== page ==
Views Article – Sharenet Wealth

Africa, News

South Africa seeks to lift infrastructure investment with change to pension fund rules

JOHANNESBURG, Feb 27 (Reuters) – South Africa’s National Treasury is proposing changing rules governing pension funds to encourage investment in infrastructure projects.

Africa’s most industrialised nation – the hardest-hit by the coronavirus pandemic on the continent – has put public works in sectors such as transport, energy and water at the heart of its economic recovery plans.

The Treasury is proposing changes to Regulation 28 of the Pension Funds Act in draft amendments published for public comment on Friday. This rule sets the maximum percentage of a fund’s assets that can be invested in different asset classes and is aimed to shield savers from over-concentrated investments.

The proposed amendments do not introduce infrastructure as a new asset class alongside existing ones like equities, debt instruments and property but allow for infrastructure investments to be recognised within those asset classes.

They also say overall investment in infrastructure across all asset categories may not exceed 45% of domestic exposure and an additional 10% for the rest of Africa.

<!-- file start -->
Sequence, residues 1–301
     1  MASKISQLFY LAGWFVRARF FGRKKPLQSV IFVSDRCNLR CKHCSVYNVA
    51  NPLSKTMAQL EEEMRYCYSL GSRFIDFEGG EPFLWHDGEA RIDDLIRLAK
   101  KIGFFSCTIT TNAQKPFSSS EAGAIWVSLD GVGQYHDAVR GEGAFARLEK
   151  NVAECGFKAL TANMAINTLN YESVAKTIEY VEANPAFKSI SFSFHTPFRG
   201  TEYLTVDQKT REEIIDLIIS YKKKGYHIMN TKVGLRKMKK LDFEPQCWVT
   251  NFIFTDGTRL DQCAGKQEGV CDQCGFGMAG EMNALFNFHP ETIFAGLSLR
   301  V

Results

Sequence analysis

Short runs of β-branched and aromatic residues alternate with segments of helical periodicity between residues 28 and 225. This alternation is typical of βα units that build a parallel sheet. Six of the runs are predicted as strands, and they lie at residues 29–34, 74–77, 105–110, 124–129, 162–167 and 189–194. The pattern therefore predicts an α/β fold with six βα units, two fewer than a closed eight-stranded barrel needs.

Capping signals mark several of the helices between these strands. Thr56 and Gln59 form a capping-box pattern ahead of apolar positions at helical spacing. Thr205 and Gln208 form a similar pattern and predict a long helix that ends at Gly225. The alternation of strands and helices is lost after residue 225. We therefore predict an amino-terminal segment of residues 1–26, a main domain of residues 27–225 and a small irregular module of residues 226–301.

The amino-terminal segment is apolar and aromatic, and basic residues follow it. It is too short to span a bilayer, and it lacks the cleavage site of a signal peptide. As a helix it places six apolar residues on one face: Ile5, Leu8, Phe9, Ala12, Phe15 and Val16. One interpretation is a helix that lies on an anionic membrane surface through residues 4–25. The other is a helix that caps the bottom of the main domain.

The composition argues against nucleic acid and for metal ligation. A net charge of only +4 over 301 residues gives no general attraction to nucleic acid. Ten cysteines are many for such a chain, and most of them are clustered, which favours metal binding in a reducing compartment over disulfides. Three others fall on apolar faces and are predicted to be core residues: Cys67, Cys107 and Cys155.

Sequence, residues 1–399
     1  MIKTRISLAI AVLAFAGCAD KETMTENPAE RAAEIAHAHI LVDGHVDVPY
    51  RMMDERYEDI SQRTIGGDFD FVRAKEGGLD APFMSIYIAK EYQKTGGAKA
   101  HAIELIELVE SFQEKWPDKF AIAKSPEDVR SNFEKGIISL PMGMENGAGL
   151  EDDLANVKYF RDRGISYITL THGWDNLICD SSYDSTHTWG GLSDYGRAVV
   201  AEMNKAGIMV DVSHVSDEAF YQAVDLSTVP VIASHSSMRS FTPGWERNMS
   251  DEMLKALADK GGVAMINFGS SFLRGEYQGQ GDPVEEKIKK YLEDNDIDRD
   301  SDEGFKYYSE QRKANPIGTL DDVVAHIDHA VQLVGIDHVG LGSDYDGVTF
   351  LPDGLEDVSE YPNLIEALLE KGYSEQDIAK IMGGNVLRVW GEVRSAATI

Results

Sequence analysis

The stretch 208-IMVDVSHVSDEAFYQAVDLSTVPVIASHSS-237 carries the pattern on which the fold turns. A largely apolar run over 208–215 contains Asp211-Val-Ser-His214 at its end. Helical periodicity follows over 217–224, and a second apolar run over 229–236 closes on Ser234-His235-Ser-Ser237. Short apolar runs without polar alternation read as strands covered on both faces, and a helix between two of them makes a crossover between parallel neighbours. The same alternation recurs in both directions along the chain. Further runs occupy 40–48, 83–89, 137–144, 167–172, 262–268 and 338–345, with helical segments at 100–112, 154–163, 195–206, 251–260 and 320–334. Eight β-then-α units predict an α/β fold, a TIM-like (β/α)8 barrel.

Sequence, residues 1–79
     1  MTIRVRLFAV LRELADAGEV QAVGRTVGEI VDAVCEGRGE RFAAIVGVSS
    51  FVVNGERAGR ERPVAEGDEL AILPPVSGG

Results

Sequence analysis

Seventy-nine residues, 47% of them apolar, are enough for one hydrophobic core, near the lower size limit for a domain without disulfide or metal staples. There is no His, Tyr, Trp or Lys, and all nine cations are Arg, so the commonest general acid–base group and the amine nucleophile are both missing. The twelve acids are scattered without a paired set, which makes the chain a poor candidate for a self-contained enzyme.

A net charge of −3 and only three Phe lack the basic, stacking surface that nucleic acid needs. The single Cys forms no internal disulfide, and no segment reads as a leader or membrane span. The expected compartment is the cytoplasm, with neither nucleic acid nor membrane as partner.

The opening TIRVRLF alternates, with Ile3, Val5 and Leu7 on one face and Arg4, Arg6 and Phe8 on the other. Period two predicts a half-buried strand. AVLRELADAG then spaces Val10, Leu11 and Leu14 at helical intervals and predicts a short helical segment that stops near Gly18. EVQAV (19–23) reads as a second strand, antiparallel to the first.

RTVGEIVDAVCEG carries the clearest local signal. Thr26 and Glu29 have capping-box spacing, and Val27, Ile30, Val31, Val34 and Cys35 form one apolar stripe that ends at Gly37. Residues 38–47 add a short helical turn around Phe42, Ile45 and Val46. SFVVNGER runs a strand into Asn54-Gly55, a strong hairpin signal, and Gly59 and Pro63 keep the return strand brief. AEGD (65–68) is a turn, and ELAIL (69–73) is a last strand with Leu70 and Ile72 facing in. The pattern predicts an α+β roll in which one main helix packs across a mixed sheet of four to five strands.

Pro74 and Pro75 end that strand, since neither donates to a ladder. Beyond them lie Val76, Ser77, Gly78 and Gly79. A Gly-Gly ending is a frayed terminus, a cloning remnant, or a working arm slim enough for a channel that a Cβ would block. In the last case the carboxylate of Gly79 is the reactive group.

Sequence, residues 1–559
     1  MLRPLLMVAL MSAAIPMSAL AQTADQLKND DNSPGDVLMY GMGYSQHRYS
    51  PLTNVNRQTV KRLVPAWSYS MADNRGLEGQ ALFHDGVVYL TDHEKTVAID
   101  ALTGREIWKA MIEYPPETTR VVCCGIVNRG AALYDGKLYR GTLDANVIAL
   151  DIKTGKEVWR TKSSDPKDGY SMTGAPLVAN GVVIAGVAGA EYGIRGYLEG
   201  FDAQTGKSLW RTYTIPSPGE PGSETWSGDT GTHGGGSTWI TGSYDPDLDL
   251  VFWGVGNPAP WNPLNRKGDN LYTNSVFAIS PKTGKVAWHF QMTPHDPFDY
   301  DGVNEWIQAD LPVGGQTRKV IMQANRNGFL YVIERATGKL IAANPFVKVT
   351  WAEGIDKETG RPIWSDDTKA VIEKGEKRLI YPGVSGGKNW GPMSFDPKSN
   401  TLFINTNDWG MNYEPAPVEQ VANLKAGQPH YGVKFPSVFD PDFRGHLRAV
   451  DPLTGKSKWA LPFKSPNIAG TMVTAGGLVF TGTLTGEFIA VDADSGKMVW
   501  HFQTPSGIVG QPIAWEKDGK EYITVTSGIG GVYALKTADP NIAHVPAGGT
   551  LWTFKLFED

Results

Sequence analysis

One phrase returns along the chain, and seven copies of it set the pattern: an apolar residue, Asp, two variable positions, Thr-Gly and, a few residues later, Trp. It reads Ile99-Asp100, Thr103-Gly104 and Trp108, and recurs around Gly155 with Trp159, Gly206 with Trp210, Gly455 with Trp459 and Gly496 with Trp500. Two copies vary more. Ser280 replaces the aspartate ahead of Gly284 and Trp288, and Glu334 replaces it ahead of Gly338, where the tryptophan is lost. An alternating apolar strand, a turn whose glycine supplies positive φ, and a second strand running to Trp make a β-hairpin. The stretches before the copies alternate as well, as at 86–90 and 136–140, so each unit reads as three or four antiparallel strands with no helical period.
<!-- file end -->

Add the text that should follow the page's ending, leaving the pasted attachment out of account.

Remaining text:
The changes should make it easier for retirement funds to invest in infrastructure and allow for better measurement of investment in projects, the Treasury said in a statement.

The changes are “informed by a number of calls for increased investment in infrastructure given the current low economic growth climate,” it said, stressing that the decision to invest in any asset class remained up to the board of trustees of each fund.

The public can comment on the amendments until late March.

(Reporting by Alexander Winning Editing by Frances Kerry)


© 2019 Thomson Reuters. All rights reserved. Reuters content is the intellectual property of Thomson Reuters or its third party content providers. Any copying, republication or redistribution of Reuters content, including by framing or similar means, is expressly prohibited without the prior written consent of Thomson Reuters. Thomson Reuters shall not be liable for any errors or delays in content, or for any actions taken in reliance thereon. "Reuters" and the Reuters Logo are trademarks of Thomson Reuters and its affiliated companies.